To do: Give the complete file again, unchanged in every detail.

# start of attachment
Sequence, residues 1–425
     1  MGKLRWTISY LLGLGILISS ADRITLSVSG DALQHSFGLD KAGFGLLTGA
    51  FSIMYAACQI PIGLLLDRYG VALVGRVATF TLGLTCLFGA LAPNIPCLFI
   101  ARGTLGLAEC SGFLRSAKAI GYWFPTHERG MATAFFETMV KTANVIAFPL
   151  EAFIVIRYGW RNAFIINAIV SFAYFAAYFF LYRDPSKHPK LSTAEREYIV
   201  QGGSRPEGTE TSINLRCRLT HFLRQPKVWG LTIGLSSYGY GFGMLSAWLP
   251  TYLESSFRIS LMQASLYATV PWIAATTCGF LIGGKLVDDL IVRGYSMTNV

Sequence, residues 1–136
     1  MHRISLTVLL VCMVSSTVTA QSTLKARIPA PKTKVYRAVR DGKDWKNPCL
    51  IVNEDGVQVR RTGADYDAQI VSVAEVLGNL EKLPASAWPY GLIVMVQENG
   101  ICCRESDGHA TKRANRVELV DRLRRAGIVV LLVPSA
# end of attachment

Sequence, residues 1–425
     1  MGKLRWTISY LLGLGILISS ADRITLSVSG DALQHSFGLD KAGFGLLTGA
    51  FSIMYAACQI PIGLLLDRYG VALVGRVATF TLGLTCLFGA LAPNIPCLFI
   101  ARGTLGLAEC SGFLRSAKAI GYWFPTHERG MATAFFETMV KTANVIAFPL
   151  EAFIVIRYGW RNAFIINAIV SFAYFAAYFF LYRDPSKHPK LSTAEREYIV
   201  QGGSRPEGTE TSINLRCRLT HFLRQPKVWG LTIGLSSYGY GFGMLSAWLP
   251  TYLESSFRIS LMQASLYATV PWIAATTCGF LIGGKLVDDL IVRGYSMTNV

Sequence, residues 1–136
     1  MHRISLTVLL VCMVSSTVTA QSTLKARIPA PKTKVYRAVR DGKDWKNPCL
    51  IVNEDGVQVR RTGADYDAQI VSVAEVLGNL EKLPASAWPY GLIVMVQENG
   101  ICCRESDGHA TKRANRVELV DRLRRAGIVV LLVPSA